let app = express();
let subscribers = [];


//Auth secret used to authentication notification requests.
let AUTH_SECRET = process.env.AUTH_SECRET;

    return console.error('VAPID_SUBJECT environment variable not found.')
} else if (!VAPID_PUBLIC_KEY) {
    return console.error('VAPID_PUBLIC_KEY environment variable not found.')
} else if (!VAPID_PRIVATE_KEY) {
    return console.error('VAPID_PRIVATE_KEY environment variable not found.')
} else if (!AUTH_SECRET) {
    return console.error('AUTH_SECRET environment variable not found.')

app.use(bodyParser.urlencoded({ extended: true }));



We are retrieving our VAPID keys and subject from environmental variables, validating them to make sure they are actually available and providing them to the web-push library. The only unfamiliar thing here is the VAPID subject field. It should be a contact URI for the application server as either a mailto: (email) or an https: URI. For example, I have my VAPID_SUBJECT variable set to mailto:thihara@favoritemedium.com.

Also note that we are retrieving an environmental variable named AUTH_SECRET. You can place any value in here, you will see how it’s used down the line.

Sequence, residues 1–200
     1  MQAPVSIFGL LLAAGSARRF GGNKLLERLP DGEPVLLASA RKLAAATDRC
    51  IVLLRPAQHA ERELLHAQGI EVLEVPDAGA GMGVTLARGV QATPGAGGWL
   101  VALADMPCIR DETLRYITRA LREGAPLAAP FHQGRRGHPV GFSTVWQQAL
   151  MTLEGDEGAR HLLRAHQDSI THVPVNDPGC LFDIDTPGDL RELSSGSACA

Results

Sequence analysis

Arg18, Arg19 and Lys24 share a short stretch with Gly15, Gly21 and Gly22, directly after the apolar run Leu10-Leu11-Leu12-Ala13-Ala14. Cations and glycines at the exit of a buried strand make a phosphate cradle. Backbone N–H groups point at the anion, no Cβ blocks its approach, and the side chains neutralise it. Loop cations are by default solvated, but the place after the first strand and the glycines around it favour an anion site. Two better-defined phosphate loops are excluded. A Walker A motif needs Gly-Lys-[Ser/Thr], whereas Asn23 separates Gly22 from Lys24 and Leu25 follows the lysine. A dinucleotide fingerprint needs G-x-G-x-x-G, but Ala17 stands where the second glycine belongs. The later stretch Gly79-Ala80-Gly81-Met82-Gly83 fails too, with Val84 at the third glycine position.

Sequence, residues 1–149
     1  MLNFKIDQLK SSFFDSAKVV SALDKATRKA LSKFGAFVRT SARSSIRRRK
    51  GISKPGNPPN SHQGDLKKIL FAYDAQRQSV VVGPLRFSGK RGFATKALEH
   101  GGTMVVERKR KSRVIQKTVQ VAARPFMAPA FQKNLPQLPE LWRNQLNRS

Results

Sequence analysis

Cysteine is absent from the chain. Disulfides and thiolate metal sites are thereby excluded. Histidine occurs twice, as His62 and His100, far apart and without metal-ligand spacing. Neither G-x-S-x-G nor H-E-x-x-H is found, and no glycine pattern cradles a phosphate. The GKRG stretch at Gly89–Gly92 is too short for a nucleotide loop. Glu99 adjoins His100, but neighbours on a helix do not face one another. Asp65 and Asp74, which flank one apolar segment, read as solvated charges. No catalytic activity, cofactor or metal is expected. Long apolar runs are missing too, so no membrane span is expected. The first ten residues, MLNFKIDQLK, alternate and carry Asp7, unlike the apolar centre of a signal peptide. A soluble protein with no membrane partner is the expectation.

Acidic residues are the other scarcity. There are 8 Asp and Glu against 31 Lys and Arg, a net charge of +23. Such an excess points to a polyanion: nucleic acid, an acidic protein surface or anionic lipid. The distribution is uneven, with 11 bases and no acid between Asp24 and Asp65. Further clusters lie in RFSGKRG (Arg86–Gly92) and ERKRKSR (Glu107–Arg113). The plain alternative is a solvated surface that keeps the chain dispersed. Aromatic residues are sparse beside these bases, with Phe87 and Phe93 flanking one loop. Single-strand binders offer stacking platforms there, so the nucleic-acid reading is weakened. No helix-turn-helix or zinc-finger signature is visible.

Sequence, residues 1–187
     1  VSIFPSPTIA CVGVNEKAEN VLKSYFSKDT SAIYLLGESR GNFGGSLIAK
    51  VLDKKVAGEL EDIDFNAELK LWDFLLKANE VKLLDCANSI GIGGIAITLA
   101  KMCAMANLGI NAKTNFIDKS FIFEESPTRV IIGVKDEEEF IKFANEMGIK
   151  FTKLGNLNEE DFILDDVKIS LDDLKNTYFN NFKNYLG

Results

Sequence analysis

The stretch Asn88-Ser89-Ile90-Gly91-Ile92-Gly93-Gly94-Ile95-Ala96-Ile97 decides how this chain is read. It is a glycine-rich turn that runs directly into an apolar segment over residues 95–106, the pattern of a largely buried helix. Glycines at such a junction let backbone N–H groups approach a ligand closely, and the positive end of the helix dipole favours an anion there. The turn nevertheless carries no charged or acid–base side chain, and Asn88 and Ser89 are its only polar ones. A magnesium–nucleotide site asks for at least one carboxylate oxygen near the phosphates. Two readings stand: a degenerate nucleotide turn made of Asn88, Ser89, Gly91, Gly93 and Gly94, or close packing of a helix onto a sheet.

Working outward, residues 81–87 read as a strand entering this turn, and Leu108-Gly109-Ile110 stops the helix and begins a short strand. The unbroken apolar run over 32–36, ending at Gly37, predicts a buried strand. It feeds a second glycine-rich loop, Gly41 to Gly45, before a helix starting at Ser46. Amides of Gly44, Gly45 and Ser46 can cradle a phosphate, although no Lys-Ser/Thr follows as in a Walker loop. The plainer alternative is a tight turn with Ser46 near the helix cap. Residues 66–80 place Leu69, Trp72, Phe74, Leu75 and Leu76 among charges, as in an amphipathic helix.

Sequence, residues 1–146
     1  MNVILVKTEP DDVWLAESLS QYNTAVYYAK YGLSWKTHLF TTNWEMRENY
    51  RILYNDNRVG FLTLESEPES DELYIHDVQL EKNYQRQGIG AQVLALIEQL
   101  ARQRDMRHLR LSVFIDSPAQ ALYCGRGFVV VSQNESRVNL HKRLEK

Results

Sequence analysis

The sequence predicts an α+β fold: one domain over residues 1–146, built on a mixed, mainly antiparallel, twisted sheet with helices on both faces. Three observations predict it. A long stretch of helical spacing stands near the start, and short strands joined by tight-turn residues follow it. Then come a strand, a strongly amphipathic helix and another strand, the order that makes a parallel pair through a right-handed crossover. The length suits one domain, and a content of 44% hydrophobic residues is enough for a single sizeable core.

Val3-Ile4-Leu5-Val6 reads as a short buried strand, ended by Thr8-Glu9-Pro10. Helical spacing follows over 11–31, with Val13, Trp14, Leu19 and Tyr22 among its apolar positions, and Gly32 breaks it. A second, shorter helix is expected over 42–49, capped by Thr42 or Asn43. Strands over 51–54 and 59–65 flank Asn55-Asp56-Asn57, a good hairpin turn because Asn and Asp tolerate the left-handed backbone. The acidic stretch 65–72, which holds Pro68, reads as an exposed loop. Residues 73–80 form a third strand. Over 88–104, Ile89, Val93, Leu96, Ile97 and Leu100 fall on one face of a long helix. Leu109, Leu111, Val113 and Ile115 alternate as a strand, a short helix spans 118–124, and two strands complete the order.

Rest of the code is just initializing the express framework and serving all the content of the static folder (which has all the front-end files) publicly.


Subscribe route is simply accepting the subscription data sent from the front-end and storing them in an array. It’s organizing the subscription data in the format the web-push library expects.

 app.post('/subscribe', function (req, res) {
     let endpoint = req.body['notificationEndPoint'];
     let publicKey = req.body['publicKey'];
     let auth = req.body['auth'];

     let pushSubscription = {
         endpoint: endpoint,
         keys: {
             p256dh: publicKey,
             auth: auth


     res.send('Subscription accepted!');